There may be several reasons to switch to Btrfs, for me personally it’s because my KF2 server is eating up too much space, and Btrfs supports both compression and deduplication. Neither ext4 nor XFS have these so on CentOS I have no other option than Btrfs. Beware, RH deprecated it, so the 8.x series won’t have it, but until then, it’s pretty darn sweet. I’m pretty sure EPEL or some other repo will pick it up afterwards anyway.
Anyhow, to migrate your /home to Btrfs:
/homewon’t be accessible for a little while.
mkdir /mnt/root mount /dev/vda2 /mnt/root
/dev/vda2 is the identifier of your root partition, check with
fdisk -l, YMMV.
pushd /mnt/root mv home home-old popd
UUID=487fd25d-cbcf-44e7-a835-4411ae5183d1 /home btrfs defaults,compress-force=zlib 0 0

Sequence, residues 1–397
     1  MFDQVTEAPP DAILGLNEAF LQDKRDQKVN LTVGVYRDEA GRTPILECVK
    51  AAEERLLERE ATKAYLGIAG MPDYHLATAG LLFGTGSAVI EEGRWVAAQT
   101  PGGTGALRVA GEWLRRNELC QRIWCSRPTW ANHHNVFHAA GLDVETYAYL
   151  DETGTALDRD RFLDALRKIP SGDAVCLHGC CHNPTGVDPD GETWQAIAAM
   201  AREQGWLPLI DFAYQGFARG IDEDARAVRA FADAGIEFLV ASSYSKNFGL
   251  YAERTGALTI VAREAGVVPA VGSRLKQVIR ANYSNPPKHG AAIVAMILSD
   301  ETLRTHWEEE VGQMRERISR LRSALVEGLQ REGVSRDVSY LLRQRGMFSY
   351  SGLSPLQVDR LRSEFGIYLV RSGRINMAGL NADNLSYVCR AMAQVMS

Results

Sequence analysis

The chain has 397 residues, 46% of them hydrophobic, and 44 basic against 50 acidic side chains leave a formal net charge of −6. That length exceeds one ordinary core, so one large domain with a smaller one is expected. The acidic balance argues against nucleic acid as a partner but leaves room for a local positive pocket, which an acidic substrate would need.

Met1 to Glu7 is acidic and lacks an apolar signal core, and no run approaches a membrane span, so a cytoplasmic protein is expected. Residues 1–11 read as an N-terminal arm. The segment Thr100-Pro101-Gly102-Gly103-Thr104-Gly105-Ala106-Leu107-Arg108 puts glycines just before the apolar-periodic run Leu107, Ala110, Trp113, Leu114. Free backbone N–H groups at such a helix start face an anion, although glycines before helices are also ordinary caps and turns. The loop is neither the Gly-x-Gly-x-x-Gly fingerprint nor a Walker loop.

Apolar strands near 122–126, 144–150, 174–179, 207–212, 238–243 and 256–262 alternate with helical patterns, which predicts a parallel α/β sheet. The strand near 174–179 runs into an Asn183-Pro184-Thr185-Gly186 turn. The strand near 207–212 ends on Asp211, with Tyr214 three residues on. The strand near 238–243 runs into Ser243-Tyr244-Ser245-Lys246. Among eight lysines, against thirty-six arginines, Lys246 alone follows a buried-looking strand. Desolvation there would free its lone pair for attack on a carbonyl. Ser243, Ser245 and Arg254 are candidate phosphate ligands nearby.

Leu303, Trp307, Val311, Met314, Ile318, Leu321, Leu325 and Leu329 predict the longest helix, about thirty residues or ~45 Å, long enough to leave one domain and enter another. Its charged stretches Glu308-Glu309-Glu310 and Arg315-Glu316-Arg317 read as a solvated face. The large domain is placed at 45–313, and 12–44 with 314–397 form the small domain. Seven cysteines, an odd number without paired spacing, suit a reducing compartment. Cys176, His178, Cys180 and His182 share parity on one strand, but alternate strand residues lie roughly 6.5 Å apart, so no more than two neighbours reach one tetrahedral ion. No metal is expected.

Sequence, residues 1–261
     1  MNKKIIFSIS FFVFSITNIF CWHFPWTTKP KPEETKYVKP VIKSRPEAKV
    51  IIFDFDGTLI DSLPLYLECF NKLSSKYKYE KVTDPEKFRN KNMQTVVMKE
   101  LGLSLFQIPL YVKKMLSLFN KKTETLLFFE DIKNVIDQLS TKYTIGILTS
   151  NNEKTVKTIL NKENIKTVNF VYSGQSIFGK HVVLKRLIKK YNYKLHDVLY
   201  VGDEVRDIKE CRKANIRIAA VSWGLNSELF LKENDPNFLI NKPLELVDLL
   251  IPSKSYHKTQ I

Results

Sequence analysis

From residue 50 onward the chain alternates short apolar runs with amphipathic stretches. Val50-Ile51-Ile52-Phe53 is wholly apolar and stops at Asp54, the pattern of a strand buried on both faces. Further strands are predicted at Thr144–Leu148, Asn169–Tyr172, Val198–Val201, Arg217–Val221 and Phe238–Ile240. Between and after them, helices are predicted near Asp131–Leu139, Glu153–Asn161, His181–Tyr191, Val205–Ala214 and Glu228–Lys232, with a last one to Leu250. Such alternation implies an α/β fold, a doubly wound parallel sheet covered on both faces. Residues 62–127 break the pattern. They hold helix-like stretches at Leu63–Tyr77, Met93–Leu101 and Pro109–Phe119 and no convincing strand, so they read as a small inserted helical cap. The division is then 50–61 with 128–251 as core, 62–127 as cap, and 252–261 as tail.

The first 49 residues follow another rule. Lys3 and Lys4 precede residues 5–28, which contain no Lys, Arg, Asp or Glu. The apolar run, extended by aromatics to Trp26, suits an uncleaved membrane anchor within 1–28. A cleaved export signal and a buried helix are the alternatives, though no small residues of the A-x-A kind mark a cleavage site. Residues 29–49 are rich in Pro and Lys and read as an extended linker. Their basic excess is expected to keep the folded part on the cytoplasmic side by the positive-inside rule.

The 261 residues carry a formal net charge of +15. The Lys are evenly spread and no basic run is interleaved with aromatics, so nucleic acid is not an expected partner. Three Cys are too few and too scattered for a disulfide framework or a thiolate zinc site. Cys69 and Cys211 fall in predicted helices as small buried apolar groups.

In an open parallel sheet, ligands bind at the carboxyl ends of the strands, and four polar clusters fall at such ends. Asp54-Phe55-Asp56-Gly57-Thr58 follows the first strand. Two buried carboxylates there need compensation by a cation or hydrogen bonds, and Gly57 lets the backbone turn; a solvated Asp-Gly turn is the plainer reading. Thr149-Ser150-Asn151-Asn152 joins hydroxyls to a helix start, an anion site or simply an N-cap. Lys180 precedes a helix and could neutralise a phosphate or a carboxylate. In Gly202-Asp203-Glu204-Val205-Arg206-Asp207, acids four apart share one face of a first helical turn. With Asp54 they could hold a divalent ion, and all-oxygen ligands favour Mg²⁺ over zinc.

You can check the partition’s UUID with
/home. There are several options for this,
restorecon -rv /home.
If you’re curious how much space you save with compression and stuff:
yum install gcc btrfs-progs-devel git clone https://github.com/kilobyte/compsize.git cd compsize make ./compsize /home
To me it’s quite impressive:
# compsize /home Processed 4126 files, 224846 regular extents (224847 refs), 1750 inline. Type Perc Disk Usage Uncompressed Referenced Data 41% 12G 28G 28G none 100% 3.3G 3.3G 3.2G zlib 34% 8.7G 25G 25G
Enjoy.Tags: btrfs, centos, compression, dedup, deduplication, enterprise linux, rhel